Analyzing Facebook user growth and usage patterns in 2020

Analyzing Facebook user growth and usage patterns in 2020

In 2020, there has been a slowdown in the progress of legal investigations that Facebook faced in 2019, offering a temporary respite for this platform after facing heat for some time. However, this is by no means a sign of resolution or a glimpse into how these privacy concerns will be solved.

Moreover, a decline in time spent on this platform reveals that privacy concerns are still top of mind and that there may be other fires to put out. To address concerns and set expectations for Facebook advertising this year, eMarketer has put together an updated US Social Trends for 2020 report.

Some highlights include:

1. Facebook Video Marketing to Grow With User Demand

Due in part to the widespread criticism Facebook has endured and the emergence of shiny, new apps with parallel offerings, Facebook user time has been at a standstill since 2016, consistently averaging 40 minutes of time spent by users per day. Marketers will have to take a closer look at user expectations and consider adjusting their advertising strategy.

While user focus may be dwindling, advertisers continue to instill faith in digital video ads, which shows that users are still visiting this site, and that video is an effective way to reach audiences. However, video-on-demand service Facebook Watch and their Stories feature are not capturing the attention of audiences.

In contrast, 62.3% of the total spend among the top five placements have gone to the Facebook News Feed. This is an ironic revelation, as this venue has also been the epicenter of user speculation around issues like fake news and negative content.

2. Time Spent on Facebook Will Hit a New Low

The lack of enthusiasm around Facebook Watch is indicative of a downward trend of time spent on Facebook. This year, the amount of time US adult Facebook users will fall to 33 minutes per day, down from 40 minutes per day in 2016.

The drop off of users ages 18 to 24 has surely impacted this statistic. But older users are also a factor, as they are not spending enough time on Facebook to offset the decline among younger adults. However, rather than leaving Facebook altogether, users may spread their time across various sites. CEO Mark Zuckerberg can only hope that those departing Facebook will migrate over to Instagram, so they can continue to reap the benefits.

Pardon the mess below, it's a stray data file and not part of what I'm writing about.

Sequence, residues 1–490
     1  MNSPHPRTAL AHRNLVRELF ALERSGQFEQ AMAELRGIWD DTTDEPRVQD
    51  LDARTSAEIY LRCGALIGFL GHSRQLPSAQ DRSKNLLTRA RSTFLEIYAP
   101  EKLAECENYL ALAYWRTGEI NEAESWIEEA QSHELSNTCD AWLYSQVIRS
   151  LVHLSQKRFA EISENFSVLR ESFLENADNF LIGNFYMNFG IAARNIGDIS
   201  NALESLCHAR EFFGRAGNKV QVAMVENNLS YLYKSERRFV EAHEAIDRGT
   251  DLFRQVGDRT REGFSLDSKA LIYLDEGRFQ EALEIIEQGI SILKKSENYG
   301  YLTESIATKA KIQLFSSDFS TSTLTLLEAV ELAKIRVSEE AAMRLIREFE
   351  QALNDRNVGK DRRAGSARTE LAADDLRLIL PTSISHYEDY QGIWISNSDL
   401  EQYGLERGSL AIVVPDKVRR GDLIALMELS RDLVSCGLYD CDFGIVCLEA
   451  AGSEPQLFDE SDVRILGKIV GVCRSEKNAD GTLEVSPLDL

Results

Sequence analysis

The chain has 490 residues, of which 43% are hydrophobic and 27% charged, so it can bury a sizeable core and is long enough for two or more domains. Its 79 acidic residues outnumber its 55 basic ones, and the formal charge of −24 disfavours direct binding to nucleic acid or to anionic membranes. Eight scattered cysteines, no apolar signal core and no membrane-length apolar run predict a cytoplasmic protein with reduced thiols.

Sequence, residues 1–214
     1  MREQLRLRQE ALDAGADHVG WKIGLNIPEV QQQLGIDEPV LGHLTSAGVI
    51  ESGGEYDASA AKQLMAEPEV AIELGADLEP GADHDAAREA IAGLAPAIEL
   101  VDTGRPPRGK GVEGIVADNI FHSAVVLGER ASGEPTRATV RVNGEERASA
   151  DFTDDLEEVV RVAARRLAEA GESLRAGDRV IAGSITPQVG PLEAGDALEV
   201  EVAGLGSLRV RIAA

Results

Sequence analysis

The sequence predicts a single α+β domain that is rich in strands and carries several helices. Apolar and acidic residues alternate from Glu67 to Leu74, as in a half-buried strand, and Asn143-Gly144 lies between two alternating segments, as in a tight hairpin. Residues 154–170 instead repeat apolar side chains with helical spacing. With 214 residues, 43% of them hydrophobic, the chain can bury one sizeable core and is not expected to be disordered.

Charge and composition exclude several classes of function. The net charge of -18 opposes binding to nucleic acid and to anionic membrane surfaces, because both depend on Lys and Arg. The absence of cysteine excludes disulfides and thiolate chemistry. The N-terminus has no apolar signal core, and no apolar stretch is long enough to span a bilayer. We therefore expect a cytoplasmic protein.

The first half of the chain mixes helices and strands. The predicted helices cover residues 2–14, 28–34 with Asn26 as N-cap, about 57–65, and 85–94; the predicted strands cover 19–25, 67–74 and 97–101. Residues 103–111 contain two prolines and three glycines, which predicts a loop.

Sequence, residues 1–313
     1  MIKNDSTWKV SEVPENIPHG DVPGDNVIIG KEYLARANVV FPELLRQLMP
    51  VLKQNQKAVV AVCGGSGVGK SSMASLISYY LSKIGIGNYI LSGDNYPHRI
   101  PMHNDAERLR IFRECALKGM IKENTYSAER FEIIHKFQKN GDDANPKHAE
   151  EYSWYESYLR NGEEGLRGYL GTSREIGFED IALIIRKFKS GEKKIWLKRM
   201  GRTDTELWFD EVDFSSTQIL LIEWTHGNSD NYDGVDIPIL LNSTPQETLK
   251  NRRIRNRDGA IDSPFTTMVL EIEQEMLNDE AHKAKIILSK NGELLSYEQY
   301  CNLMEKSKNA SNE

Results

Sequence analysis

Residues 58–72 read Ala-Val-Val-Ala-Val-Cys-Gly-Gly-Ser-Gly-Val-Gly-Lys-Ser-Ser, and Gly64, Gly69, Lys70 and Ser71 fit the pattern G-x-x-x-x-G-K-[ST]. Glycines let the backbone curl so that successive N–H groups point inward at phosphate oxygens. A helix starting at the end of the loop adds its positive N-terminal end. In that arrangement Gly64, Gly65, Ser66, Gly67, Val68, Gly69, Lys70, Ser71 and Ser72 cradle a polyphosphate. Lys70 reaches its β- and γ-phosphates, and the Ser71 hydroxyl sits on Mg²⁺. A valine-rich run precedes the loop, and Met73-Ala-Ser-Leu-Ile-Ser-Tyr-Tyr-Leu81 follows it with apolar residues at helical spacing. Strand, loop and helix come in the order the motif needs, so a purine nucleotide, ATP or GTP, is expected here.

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3. Facebook Won't Be Forced to Break Up This Year, and Privacy Investigations Will Linger

While Congress, the Federal Trade Commission (FTC), and US Department of Justice have indicated that they are working hard to resolve these investigations, this proposed legislation can take years and they don't appear to be in a rush. Furthermore, even if granted a preliminary injunction, that would only be one step toward the possibility of breaking up this company.

The timeline and final ruling on this is currently a ways off, but consider that only 19% of US adult internet users trust Facebook with their personal information. As a result, we might see even more privacy skeletons emerge from Facebook's closet.

4. Political Ads Opportunities and Troubles

The 2020 US presidential elections also has some tie-in to data privacy worries. While there is support from both political parties to address these concerns, no one can agree about what should change about how companies use data. Candidates will hone talking points about digital privacy to win votes, but may simultaneously funnel money into social advertising, indicating that they may not actually be in a rush to do something about this.

While Twitter has chosen to block political ads and Google has limited its targeting, Facebook has made the controversial decision to allow content that some consider biased and deceptive to flourish on their app. While many have jumped on the bandwagon to point fingers at Facebook, others argue that this is a larger issue of lack of control over US campaign laws that are due for a massive update.

The cold hard truth is that even if all social properties banned political advertising, that wouldn't solve the issue of this campaign messaging spreading by way of viral organic content.

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